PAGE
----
My skirt is still damp when I sit down between my husband and his co-workers for dinner. All eight of us turned around to inspect the water marks left from a drizzly boat ride at dusk moments before. Our soggy seat stains rival the sweat rings under our arms but I don’t mind. It’s the first time I’ve had dinner with friends in months. They don’t know that, no one does.
Lately, I’m alone at the community table, trying to read His lips across the street, through rain falling like a waterfall on glass. And no matter how close I put my eyes to the glass, how much I press on the transparent wall for clarity on all the questions that begin with why, all I see is my own reflection staring back at me. It doesn’t look the way I imagined; the empty table or my reflection. And perhaps that is the point.
In her new book Wonderstruck, Margaret Feinberg writes, “We all need a table, a place where we gather to be fully and truly ourselves. Without such a place, we may lose track of our souls, embracing a cheap, snap-together fiberboard image of ourselves instead of the uneven, rustic, knotty reality that, when unveiled, reveals the mystery and beauty of the imago dei—the image of God. We need a place where we pray for a replenished wonder of friendship and wait for God to answer in unexpected ways.”
My friends and I, we tell stories about honeymoons and memorable trips. Tip stemmed glasses to quench soul thirst and laugh about parenthood. And the heaviness, it falls off in belonging.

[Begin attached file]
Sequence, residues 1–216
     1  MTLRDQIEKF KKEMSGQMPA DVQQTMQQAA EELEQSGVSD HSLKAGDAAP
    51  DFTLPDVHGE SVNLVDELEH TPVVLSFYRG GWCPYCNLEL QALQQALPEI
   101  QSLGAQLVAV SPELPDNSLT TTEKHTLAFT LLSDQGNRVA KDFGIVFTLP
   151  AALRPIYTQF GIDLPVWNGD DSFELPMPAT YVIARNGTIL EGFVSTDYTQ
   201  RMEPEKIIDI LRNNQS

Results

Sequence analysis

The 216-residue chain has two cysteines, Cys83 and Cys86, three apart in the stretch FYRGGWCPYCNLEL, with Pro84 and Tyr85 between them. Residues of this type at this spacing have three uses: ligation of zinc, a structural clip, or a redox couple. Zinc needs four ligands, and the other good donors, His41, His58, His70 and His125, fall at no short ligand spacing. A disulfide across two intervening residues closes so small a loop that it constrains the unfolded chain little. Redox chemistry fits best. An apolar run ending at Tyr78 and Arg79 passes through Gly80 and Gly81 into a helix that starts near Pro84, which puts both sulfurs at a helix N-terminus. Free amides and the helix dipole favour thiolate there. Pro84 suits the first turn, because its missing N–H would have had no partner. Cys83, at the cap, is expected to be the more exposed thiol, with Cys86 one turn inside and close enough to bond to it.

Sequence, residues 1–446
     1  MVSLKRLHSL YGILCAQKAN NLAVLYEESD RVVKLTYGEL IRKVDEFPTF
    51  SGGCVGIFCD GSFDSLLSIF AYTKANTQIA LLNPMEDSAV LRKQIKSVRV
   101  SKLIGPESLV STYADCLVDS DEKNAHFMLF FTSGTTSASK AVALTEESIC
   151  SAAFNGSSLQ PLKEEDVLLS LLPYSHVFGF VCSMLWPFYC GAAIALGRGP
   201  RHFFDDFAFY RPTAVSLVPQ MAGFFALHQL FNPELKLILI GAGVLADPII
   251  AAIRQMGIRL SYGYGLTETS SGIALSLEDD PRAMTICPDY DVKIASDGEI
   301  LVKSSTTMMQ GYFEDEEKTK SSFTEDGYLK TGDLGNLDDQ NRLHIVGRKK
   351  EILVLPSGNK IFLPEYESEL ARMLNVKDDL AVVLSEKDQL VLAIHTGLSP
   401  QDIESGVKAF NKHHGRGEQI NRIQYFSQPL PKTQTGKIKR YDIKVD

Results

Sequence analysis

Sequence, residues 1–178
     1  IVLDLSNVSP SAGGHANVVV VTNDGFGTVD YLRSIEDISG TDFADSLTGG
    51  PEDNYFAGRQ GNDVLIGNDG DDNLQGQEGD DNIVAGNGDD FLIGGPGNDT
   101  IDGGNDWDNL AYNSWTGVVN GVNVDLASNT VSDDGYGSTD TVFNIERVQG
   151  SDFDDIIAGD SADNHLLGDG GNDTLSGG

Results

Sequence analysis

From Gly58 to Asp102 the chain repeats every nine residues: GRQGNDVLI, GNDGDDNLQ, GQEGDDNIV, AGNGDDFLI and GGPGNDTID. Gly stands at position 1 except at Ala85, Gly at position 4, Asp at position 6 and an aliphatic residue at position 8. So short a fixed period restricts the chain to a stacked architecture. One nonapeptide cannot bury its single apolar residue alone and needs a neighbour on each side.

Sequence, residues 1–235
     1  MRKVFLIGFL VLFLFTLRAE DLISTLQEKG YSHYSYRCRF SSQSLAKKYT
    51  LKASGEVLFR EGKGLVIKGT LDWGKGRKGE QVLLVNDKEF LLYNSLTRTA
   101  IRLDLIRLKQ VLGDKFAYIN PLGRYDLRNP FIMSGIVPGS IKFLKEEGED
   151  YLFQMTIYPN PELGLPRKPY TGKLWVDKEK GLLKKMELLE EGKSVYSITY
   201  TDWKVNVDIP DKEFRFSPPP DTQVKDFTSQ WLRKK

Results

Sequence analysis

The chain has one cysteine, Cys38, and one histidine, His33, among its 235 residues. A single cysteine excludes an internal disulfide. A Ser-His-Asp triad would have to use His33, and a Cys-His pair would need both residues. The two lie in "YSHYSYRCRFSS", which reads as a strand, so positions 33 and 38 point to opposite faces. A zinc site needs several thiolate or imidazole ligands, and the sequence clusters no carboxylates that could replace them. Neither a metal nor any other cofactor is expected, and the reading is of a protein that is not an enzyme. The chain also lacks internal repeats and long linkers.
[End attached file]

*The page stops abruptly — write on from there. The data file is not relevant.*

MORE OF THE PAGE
The more I live in the confines of my own mind, the busyness of my own making, the less I bare the image of His likeness. I forget the “uneven, rustic, knotty” soul that I am.
And I’m willing to wade waist high in floodwater to get close enough to hear His voice and touch his face but perhaps if I did, then I wouldn’t know the wonder. Wonder that comes on the heels of hunkering down in the wait of isolation, for the crack of light to skim the floor and turn my head toward the voices around the table.
Loneliness, it’s the rut we step over between the old eyes and the new ones being made in the hollow. New eyes to see that what we’ve taken for granted is often our greatest gift.
Margaret writes, “Despite the miles and meals they shared, those closest to Jesus had lost their childlike receptivity, their ability to recognize that both God’s response to us and our response to God is seldom what we anticipate.”
When taught by depravity, a hole in a leaf becomes an intricate web of myopic beauty, dead nettles like a choir of heads hallowing halleluiahs; sun, the illuminator of translucent glory, and a soggy water mark on the seat of your skirt, an answer to prayer.
That’s when you know you are Wonderstruck, that you’ve seen the face of God and you’re not alone.
“Therefore once more I will astound these people with wonder upon wonder.” Isaiah 29:14
Q4U: Where have you seen the wonder of God in your own life?
My friend, Margaret Feinberg, has a new book and 7-session DVD Bible study called Wonderstruck: Awaken to the Nearness of God, which releases Christmas Day. Margaret’s books are on my Books I Read list and I’ve had the privilege of reading a few chapters of this new one. I know you will love it. So I’m giving two copies away today on the blog. Just leave a comment and I’ll add your name to the drawing on Thursday.
Leslie Durham and Michelle DeRusha won a copy of Wonderstruck. Congratulations and Merry Christmas friends!